The RCMP is defending its investigation of Vice-Admiral Mark Norman, which has come under sustained fire since the politically charged case against the military's former second-in-command collapsed earlier this week.

Much of that criticism has centred on why the Mounties did not interview members of Stephen Harper's former Conservative government during their two-year investigation into allegations Norman leaked cabinet secrets.

That was despite accusations Norman provided confidential information about a $700-million shipbuilding contract to a Quebec shipyard, its lobbyists or the media on 12 occasions starting in September 2014 — when the Tories were in power.

Former ministers Jason Kenney, Erin O'Toole and Peter MacKay, as well as some former Conservative government staff members, revealed this week that they spoke to Norman's lawyers but said the RCMP never approached them.

It's believed the information they provided Norman's team helped get the case dropped on Wednesday. As she stayed the charge, Crown prosecutor Barbara Mercier told the judge that her decision was informed by fresh information that she had received from the defence.

The RCMP wouldn't comment on specifics of its investigation on Friday because a second criminal case is still before the courts, involving a different public servant also accused of leaking details on the shipbuilding deal.

But in a statement, the Mounties said they respected the Crown's decision to drop the case before defending officers for having "conducted a thorough, independent and highly professional investigation."

Norman's lawyer, Marie Henein, had previously questioned why members of the Harper government had not been questioned, a point she reiterated on Wednesday after the Crown agreed to drop its breach-of-trust case against her client.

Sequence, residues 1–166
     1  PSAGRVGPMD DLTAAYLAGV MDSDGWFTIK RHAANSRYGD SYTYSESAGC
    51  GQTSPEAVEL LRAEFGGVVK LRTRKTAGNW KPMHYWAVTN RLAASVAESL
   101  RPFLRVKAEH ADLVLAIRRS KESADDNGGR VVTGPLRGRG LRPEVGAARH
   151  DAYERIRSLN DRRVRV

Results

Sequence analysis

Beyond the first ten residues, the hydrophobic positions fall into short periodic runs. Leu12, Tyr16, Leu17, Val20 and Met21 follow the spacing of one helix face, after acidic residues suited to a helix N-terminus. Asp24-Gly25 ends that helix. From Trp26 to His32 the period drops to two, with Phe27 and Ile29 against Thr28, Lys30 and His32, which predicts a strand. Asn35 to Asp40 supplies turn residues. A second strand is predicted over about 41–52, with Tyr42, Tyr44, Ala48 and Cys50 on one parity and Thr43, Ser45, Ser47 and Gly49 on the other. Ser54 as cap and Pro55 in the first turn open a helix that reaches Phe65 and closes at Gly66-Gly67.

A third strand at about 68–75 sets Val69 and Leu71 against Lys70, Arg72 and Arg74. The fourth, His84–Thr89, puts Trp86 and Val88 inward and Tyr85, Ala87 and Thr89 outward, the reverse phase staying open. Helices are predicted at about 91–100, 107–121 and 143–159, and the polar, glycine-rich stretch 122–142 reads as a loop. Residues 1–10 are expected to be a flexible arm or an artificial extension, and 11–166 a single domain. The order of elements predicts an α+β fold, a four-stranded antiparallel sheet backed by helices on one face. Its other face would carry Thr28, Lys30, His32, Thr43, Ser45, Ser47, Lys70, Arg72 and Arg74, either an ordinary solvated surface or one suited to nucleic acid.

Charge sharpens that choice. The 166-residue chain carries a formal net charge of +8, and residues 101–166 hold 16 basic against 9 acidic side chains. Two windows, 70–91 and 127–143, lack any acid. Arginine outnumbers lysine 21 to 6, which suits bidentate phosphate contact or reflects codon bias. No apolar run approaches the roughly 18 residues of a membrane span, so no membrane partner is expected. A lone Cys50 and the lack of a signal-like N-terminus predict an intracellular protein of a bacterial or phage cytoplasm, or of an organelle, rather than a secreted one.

"One of the things we said in court is that during the course of the investigation, although the (allegations) covered a significant part of the Harper-government time period, there were no witnesses interviewed from that time period," she said.

Neither Henein nor the Crown have said specifically what the pivotal new information was, though Henein did reveal that her office had been conducting its own investigation for several months that included interviews with former Conservative ministers and staff.

Some have questioned whether Norman, who has said the two-year legal ordeal weighed heavily on him and his family, would ever have been charged if the RCMP or the public-prosecution service had reached out to the Conservatives.

"Why weren't those questions asked of our cabinet members by the RCMP and by the (director of public prosecutions)?" O'Toole said during a news conference on Parliament Hill on Thursday. "The Crown should have that information before making their case."

Prime Minister Justin Trudeau, who Henein and the Conservatives have accused of trying to interfere in Norman's case, asserted on Friday that "the processes in this case have unfolded in a proper manner, completely independent of government.

"I think Canadians understand that judicial processes, police investigations and court proceedings are all entirely independent of the government of the day and certainly of the Prime Minister's Office."

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